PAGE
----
26. Because it is clear that the prisoner who is willing to give prosecution evidence is simply unreliable?
  (Mr Calvert-Smith) Precisely.

  27. When you say a large number of cases—?
  (Mr Calvert-Smith) I would not like to put a figure on it because I do not know the answer to it. All I can say is that personally I have seen a number of cases in my career in which cell conversations have really been the high point of the case and said no. I am quite sure many of my colleagues in the service have done so.

  Chairman: Can we turn to the CPS in London.

Bob Russell

  28. Gentlemen, just concentrating on London for a moment, which obviously is the largest in terms of caseload, the Inspectorate has highlighted some serious problems with the performance of the CPS in London. What are you doing to improve the situation? Have you got an action plan?
  (Mr Calvert-Smith) Certainly. I will share this answer, if I may, because it crosses the boundaries. I will start off by saying that the senior management team in London was criticised for its failure to act as a coherent entity, which gave rise to some of the problems, and we are taking active steps to ensure that that situation is improved. The area itself has produced a voluminous action plan which both law officers, who take a close interest for the reasons you mentioned—that London is, after all, more than one-fifth of our entire workload—and I and Richard Foster will be supervising on a much more direct basis than we would a normal CPS area under the devolved Glidewell system, which is theoretically trying to release power down to areas to manage their own business and make up their own solutions. Can I ask Mr Foster to mention a couple of issues which he is over-seeing?
  (Mr Foster) There are clearly a number of problems in London, as the Inspectorate report identified, and I have already made it clear both to the DPP and to Ministers that stabilising and improving that situation is one of my top priorities as chief executive.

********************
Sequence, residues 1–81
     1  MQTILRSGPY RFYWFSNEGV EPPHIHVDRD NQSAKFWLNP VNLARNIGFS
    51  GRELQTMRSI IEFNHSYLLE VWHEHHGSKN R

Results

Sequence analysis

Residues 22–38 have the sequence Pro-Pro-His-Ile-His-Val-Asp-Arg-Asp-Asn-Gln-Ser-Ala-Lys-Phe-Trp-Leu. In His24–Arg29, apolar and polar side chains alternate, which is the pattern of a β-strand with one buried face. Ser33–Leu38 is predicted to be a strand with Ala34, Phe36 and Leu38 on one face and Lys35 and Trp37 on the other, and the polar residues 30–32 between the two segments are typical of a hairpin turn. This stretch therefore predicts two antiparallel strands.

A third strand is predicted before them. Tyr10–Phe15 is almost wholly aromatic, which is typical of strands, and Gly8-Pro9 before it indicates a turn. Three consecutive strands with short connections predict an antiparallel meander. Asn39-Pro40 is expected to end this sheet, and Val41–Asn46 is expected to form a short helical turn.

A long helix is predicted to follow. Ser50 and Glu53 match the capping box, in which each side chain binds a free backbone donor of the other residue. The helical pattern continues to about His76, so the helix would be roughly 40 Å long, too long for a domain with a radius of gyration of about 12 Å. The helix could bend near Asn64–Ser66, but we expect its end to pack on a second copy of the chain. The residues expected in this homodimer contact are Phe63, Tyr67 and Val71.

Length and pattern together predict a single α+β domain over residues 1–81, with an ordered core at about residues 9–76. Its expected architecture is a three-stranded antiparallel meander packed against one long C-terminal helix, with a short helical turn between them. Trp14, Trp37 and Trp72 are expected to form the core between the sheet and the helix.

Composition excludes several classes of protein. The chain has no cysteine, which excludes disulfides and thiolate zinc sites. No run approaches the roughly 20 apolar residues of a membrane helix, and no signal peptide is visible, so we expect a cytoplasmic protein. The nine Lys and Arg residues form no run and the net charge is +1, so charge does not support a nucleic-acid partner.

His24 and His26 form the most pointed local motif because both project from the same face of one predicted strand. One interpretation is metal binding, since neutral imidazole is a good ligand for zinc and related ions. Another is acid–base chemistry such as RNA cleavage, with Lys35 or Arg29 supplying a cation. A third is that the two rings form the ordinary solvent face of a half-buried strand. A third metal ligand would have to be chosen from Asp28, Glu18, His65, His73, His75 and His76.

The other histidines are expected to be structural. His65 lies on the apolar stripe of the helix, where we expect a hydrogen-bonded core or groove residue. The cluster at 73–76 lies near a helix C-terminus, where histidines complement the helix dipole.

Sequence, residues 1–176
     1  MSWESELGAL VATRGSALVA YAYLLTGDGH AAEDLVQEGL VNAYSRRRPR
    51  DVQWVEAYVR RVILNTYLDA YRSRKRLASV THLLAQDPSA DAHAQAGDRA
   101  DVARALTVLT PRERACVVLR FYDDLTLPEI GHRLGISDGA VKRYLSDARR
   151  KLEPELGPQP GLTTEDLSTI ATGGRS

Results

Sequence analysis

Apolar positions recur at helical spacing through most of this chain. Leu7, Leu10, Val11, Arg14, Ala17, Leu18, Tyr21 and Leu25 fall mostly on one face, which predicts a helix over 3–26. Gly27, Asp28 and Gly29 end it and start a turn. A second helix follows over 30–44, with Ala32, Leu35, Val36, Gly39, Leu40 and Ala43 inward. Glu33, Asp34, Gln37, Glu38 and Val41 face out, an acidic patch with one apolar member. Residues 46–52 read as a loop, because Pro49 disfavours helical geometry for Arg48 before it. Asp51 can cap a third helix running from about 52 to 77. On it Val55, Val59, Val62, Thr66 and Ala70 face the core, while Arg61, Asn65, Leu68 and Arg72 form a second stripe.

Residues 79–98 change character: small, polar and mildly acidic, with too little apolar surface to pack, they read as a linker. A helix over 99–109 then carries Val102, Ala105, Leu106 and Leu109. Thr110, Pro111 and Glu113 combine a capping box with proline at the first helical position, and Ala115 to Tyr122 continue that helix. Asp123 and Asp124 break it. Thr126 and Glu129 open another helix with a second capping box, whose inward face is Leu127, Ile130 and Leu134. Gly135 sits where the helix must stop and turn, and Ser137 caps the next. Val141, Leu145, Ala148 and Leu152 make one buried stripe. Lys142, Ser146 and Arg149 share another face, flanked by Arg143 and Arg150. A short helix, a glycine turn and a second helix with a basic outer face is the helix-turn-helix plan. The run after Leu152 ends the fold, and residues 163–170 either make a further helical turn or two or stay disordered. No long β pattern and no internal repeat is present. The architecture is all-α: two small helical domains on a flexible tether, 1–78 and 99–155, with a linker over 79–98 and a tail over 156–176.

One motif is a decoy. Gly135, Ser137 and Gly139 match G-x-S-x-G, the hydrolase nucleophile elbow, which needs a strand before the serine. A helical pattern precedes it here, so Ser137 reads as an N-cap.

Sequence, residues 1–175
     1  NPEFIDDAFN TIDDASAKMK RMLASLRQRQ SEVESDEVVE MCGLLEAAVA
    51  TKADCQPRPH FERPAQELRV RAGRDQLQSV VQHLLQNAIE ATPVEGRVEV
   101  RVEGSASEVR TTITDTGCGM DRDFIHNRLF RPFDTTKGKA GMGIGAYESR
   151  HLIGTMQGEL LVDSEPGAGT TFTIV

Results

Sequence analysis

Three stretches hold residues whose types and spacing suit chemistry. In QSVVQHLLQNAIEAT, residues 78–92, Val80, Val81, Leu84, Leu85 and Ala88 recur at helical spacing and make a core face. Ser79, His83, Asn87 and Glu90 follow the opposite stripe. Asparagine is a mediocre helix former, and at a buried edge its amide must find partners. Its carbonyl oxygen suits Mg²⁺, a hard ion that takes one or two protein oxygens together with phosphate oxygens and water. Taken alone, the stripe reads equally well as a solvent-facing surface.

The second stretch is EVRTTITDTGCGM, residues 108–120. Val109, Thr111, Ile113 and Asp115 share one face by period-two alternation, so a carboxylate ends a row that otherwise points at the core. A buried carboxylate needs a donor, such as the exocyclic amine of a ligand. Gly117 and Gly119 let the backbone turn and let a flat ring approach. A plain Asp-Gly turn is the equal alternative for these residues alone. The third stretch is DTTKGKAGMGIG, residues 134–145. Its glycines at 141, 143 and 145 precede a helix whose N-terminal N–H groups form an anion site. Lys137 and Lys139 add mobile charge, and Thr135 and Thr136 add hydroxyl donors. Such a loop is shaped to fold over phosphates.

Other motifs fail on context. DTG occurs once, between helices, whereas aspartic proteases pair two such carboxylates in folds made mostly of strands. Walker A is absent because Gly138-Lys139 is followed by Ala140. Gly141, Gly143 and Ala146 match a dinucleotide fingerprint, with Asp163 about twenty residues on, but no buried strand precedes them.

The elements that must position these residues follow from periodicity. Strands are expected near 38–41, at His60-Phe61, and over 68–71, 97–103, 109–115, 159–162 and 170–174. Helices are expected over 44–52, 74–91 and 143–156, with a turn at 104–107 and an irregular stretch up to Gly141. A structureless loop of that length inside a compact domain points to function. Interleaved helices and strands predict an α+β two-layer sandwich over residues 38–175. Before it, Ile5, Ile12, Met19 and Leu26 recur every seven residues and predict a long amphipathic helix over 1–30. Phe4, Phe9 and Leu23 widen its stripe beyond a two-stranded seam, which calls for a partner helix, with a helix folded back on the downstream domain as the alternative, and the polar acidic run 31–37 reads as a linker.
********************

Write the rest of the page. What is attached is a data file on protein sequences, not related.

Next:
29. So stabilising is the first priority?
  (Mr Foster) I think that would be fair. What have we done so far? The current CCP in London has decided to take early retirement and we have already put in hand, against a very aggressive timetable, arrangements to find a replacement. We ran the advert a matter of weeks ago and we hope to make an appointment by the end of March. We have strengthened the team immediately below the CCP. There are now five ACCPs in post (that is Assistant Chief Crown Prosecutors), which will give London a much stronger senior cadre of prosecutors than anywhere else in the country.

  30. Can I ask where these five are coming from?
  (Mr Foster) In one case an existing CCP who has moved into London. We have brought in from Yorkshire one of our most experienced managers to strengthen the management team. We have, in addition to that, set up a project which I chair which is specifically to implement the findings of the Inspectorate report and to go beyond that and to secure improvements more generally. Those are things that we have done within the last six to eight weeks. Finally, we have, in addition to the extra funding that we have already allocated to London in the course of last year, allocated a further £2 million to London within the last couple of weeks to enable them to recruit more lawyers and more caseworkers as part of the stabilisation I was talking about, and we are looking hard at whether or not additional resources are needed.

  31. Apart from the person from Yorkshire, what other best practice from other areas have you brought into London to deal with the problem, which I think everybody agrees is quite substantial?